These and other examples are inspiring, but are they representative of true digital transformation? They certainly demonstrate that companies can make quick decisions, get things done out of necessity, and trust their people to work from home. But if reinvention ceases post-pandemic, it won’t be enough.

Demographics are a factor when implementing new technologies over a compressed time period. A health-care system accelerated innovation by shifting 80 percent of its patient visits to a telehealth model as the pandemic limited mobility. However, when lockdowns were lifted, only 10 percent of health visits remained virtual, as older people were less comfortable with them.

When implementing new technologies over a short period of time, it is essential to consider the demographics of users of a company’s products and services and their evolving preferences and changing needs. It may also be necessary to educate segments of the market about the advantages of virtual options (such as the telehealth option for older patients).

Look for alterations in supply chains to reduce risk. To learn a major lesson from the pandemic, look to its effect on global supply chains, which has forced businesses to build resilience into procurement processes. Such restructuring focuses more on speed in a digital world and could ultimately entail shifting the attention of traditional procurement processes to reducing life-cycle costs, managing operational risk factors, and achieving enduring business partnerships (rather than relying on the vendor model in which the relationship ends when the transaction is completed) as part of a high-performance procurement ecosystem. A strategic mindset not only solves current supply-chain issues but also helps mitigate potential future challenges.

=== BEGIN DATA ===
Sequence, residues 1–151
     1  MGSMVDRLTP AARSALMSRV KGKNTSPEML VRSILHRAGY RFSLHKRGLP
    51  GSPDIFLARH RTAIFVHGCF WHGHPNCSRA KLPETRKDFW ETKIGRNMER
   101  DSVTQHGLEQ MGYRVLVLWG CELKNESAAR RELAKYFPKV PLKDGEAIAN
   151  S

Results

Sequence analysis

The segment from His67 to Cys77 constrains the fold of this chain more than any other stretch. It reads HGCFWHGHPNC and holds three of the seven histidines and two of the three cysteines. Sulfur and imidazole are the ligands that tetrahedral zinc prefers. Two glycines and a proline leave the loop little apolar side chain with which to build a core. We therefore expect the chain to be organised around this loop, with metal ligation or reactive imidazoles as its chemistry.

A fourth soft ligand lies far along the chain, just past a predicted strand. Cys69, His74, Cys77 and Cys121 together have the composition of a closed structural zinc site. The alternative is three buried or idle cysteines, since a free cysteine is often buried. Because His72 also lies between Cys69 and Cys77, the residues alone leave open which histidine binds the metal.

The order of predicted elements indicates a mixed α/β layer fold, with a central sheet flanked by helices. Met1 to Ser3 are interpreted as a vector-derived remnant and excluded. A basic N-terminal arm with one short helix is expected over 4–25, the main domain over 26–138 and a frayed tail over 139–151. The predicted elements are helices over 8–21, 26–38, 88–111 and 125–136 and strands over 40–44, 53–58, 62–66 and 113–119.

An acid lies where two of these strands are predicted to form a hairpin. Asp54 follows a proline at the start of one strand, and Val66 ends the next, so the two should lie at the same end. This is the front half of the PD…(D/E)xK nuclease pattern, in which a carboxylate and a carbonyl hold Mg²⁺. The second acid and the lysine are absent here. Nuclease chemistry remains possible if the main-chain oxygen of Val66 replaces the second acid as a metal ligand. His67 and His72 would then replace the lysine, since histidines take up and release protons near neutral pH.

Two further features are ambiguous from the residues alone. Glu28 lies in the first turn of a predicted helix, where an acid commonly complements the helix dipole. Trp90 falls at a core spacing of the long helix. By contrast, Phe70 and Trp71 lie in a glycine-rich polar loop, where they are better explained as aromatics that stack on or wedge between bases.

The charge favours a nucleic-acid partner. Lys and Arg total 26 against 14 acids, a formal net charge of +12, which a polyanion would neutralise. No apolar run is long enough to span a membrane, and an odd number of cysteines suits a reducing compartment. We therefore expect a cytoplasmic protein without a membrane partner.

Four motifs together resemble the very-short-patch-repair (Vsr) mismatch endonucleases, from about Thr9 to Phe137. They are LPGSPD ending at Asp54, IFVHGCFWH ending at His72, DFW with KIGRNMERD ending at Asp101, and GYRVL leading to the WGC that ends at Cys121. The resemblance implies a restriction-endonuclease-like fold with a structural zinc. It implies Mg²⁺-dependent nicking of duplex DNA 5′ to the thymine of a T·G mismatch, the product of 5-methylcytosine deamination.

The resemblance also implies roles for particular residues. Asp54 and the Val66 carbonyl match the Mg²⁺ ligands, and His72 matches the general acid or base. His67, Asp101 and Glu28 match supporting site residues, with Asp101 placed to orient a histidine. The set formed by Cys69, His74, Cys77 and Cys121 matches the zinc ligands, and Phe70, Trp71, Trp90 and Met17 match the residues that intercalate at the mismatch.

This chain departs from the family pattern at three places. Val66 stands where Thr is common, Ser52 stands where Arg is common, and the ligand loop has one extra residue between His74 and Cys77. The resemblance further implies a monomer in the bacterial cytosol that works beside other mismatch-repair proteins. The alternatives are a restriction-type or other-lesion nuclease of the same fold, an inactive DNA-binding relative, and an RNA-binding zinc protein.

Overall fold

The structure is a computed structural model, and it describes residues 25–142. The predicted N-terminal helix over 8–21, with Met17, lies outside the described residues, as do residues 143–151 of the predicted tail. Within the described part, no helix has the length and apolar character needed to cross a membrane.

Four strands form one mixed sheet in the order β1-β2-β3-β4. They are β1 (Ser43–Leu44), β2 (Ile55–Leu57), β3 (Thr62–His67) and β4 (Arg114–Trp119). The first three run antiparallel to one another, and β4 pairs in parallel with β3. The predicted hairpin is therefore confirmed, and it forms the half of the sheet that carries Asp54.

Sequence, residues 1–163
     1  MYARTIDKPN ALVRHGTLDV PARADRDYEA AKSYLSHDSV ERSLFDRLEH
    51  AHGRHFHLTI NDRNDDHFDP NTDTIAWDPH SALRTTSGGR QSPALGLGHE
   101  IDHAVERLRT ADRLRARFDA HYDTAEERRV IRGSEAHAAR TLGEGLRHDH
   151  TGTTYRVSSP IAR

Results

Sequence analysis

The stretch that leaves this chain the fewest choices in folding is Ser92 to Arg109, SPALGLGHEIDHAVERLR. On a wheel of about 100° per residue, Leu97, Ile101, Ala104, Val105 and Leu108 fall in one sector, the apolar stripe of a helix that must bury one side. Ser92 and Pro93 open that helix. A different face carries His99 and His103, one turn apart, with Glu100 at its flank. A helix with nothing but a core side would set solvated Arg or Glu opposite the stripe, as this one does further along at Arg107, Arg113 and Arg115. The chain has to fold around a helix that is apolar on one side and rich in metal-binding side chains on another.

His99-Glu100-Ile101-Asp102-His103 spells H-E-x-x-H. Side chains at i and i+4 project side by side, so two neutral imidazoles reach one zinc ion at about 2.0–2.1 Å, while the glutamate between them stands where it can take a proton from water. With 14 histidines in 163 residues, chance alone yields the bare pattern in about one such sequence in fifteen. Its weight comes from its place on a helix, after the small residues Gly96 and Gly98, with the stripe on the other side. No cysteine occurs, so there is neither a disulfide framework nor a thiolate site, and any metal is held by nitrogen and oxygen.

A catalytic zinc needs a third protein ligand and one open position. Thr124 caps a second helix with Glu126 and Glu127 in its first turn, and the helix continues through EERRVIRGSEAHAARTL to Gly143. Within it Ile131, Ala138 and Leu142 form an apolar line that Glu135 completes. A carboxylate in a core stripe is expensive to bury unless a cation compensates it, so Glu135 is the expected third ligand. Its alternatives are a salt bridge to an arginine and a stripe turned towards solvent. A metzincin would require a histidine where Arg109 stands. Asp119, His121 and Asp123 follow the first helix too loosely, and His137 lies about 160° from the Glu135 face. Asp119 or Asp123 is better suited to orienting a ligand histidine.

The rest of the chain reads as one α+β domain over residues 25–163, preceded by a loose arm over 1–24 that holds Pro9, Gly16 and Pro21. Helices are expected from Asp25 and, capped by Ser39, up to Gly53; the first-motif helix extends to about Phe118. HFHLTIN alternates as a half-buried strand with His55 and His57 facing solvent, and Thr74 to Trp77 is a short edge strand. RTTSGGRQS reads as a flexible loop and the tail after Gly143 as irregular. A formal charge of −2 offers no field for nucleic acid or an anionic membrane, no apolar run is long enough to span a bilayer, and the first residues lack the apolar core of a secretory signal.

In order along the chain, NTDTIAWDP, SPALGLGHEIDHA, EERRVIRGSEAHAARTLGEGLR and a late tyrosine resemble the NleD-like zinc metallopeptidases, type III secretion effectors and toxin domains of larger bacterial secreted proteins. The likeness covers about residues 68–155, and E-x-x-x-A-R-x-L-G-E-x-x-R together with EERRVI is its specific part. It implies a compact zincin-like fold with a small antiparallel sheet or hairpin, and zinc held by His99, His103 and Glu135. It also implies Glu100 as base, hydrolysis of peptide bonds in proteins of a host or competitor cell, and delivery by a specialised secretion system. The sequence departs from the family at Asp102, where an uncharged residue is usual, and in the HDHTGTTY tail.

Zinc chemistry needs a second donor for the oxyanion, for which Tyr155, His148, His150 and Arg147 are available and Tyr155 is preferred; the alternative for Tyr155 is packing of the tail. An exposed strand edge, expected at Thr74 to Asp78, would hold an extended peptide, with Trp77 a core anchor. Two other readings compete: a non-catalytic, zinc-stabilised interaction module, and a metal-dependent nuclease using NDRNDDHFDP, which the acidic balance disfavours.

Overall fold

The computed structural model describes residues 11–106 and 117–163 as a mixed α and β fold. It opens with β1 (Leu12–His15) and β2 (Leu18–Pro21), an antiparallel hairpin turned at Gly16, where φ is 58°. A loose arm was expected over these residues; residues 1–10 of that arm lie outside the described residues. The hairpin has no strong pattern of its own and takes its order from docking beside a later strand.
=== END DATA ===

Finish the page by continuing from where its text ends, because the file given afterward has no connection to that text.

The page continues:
Many companies may not be well-prepared for the next disruptive scenario. COVID-19’s health complexities are not fully understood or realized yet, so unexpected effects will likely still play out. Disruption comes from unexpected developments; for example, when two regulators merge, they set new expectations for the organizations they regulate. But the velocity of disruption can vary. Disruptive innovation can take a long time to generate returns, hampering profitability. For instance, the consumer preferences of millennials and Generation Z are expected to drive dramatic market shifts, but the lag time between initial digital innovation investments to prepare for those shifts and ultimate profitability could be significant.